And maybe best, that blog -- Sauropod Vertebra Picture of the Week -- now has a sequence of seven posts explaining the research in more detail: these too are linked from the page I mentioned, and I think many Slashdotters will find them interesting.

    To respond to a couple of specific points that have been raised in the comments here:

    1. TinBromide though we compared only with giraffes, but in fact we compared with LOTS of animals, including birds, crocs, lizards, turtles, mammals and amphibians. The result were compellingly uniform. Similarly, MaXintosh wrote that "the authors (of the paper, not TFA) hedge their bets heavily by saying that IF sauropods are directly comparable to extant taxa". Well, sort of: we did rather nail our colours to the mast when we wrote "Can the habitual posture of extant amniotes be expected to apply to sauropods? Phylogenetic bracketing strongly supports this hypothesis as the neck posture described by Vidal et al. (1986) is found in both Aves and Crocodylia, the nearest extant outgroups of Sauropoda, as well as in the increasingly remote outgroups Squamata, Testudines and Lissamphibia."

    2. eldavojohn asked "Why are we arguing over which position was the default when it's entirely possible that they utilized both positions" and noted that "There's plenty of pictures on Wikipedia [wikipedia.org] of the animals depicted both ways." It's true, of course, that animals can and do adopt different postures at different times: we make the point in the paper that sauropods had to be able to get their heads down low in order to drink, and could therefore pass through all intermediate postures. What we're talking about here is HABITUAL posture -- they way they spent their time when not actively doing something different. Geese can reach the ground, but they don't spend their lives that way.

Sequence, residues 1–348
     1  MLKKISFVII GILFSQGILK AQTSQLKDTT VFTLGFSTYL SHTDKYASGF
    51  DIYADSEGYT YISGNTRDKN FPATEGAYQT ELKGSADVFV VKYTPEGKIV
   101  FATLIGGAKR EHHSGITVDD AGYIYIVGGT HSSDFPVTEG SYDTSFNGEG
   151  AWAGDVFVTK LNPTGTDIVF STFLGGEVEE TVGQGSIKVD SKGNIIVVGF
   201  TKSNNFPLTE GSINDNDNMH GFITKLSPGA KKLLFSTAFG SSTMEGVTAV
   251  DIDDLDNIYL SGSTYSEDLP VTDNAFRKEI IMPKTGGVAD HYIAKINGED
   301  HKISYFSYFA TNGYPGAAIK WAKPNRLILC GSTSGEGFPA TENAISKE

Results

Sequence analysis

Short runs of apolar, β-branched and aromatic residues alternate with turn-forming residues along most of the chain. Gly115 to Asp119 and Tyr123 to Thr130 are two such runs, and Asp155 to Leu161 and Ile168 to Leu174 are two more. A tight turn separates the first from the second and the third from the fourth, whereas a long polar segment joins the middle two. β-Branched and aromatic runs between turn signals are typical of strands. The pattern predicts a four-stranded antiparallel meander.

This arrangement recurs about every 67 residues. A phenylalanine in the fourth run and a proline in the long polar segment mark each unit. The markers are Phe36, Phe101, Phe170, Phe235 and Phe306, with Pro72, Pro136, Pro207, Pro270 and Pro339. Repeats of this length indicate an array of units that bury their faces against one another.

3. A few people mentioned the problem of pumping blood up a high neck to the brain. We can't say too much about this at the moment as we're working on a paper on this subject and don't want to scoop ourselves. However, we do have good reason to think that the blood-pressure problem is not so severe as it's been depicted in Roger Seymour's work (going back as far as 1976, so we're well aware of it!) Sorry if that sounds evasive: hopefully we'll have a more convincing response for you within a year or so.

    4. Finally, we want to be clear that we don't think our paper ends the debate. If anything, it re-opens it, as horizontal-to-dropping sauropod necks have been orthodox for the last decade or so. There's more work to do (but we're on the case!)

    That's all for now -- hope it helps. If you have any more questions, you're welcome to ask, and we'll do our best to answer. The best place to do is probably over on Sauropod Vertebra Picture of the Week, as I and my co-authors each check that several times a day. http://svpow.wordpress.com/ [wordpress.com]